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Media Alerts - Fair Housing Rights Center v. Post Goldtex GP, LLC - Third Circuit
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May 23, 2016
  Fair Housing Rights Center v. Post Goldtex GP, LLC - Third Circuit
Headline: Fair Housing Act Accessibility Requirements Do Not Apply to Commercial Buildings Originally Constructed Before the Act's Effective Date but Converted into Residential Units After that Date

Area of Law: Housing Law

Issue(s) Presented: Do the design and accessibility requirements of the Fair Housing Act (FHA), apply to a commercial building that was originally constructed before the requirements' effective date, but converted into residential units after that date?

Brief Summary: A warehouse in Philadelphia, built in 1912 and originally used for manufacturing, was converted into an apartment building starting in 2010 by Post Goldtex and KlingStubbins. The Fair Housing Rights Center in Southeastern Pennsylvania (FHRC) conducted a site visit which revealed violations of the FHA design and construction accessibility requirements, e.g., units with kitchen counters too high for persons in wheelchairs. FHRC brought claims of housing discrimination. The District Court granted Goldtex's motion to dismiss based on the Department of Housing and Urban Development's (HUD) interpretation of the FHA, which exempts converted buildings built before March 13, 1991, the effective date of the design and construction requirements.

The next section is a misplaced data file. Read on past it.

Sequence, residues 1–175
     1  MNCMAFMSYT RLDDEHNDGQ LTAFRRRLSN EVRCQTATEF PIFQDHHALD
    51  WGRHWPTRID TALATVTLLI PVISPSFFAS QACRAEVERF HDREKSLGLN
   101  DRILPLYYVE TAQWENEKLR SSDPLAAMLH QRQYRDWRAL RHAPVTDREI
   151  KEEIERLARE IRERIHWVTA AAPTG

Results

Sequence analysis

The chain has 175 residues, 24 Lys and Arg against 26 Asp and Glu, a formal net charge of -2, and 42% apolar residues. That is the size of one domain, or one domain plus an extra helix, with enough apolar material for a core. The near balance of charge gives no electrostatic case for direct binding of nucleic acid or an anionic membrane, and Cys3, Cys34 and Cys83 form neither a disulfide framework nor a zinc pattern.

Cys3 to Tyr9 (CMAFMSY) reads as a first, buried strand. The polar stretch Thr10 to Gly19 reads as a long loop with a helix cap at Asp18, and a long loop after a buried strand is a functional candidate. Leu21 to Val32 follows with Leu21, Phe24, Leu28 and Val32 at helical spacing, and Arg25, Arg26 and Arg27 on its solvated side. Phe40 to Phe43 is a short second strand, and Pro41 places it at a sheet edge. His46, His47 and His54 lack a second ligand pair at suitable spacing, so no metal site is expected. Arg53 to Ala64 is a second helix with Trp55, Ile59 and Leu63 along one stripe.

The Third Circuit agreed. The Court found that first, the design and construction provision was ambiguous on the issue of whether converted buildings are exempted; second, that the HUD interpretations on point were reasonable, not inconsistent with the statute, and reflected legitimate policy choices by the agency; and third, that those HUD interpretations consistently conclude that the accessibility requirements do not apply to buildings like the Goldtex apartments that are not newly constructed and not first occupied after the effective date of the requirements.

Extended Summary: In 2010, Post Goldtex bought what was originally the Smaltz Building, built in Philadelphia in 1912 and used as a factory and later for manufacturing and other business pursuits. By the end of the 1990s, the Smaltz Building had fallen into disrepair. After purchasing the building, Post Goldtex gutted it and converted it to a 163-unit apartment building, designed by KlingStubbins. The building began accepting tenants in 2013. FHRC, a non-profit corporation that investigates potentially discriminatory housing practices, conducted a site visit of the Goldtex Apartment Building in April 2014. The visit revealed numerous violations of FHA design and construction requirements, including entrance doors that were too heavy, door thresholds that were too high, and units with kitchen counters too high for persons in wheelchairs.

FHRC sued under the FHA, claiming housing discrimination against persons with disabilities. The District Court dismissed FHRC's action. The Court agreed with Goldtex's argument that the plain language of the FHA and the HUD's interpretive guidance clearly exempt converted buildings like the Goldtex Apartment Building built before March 13, 1991, the effective date of the design and construction requirements.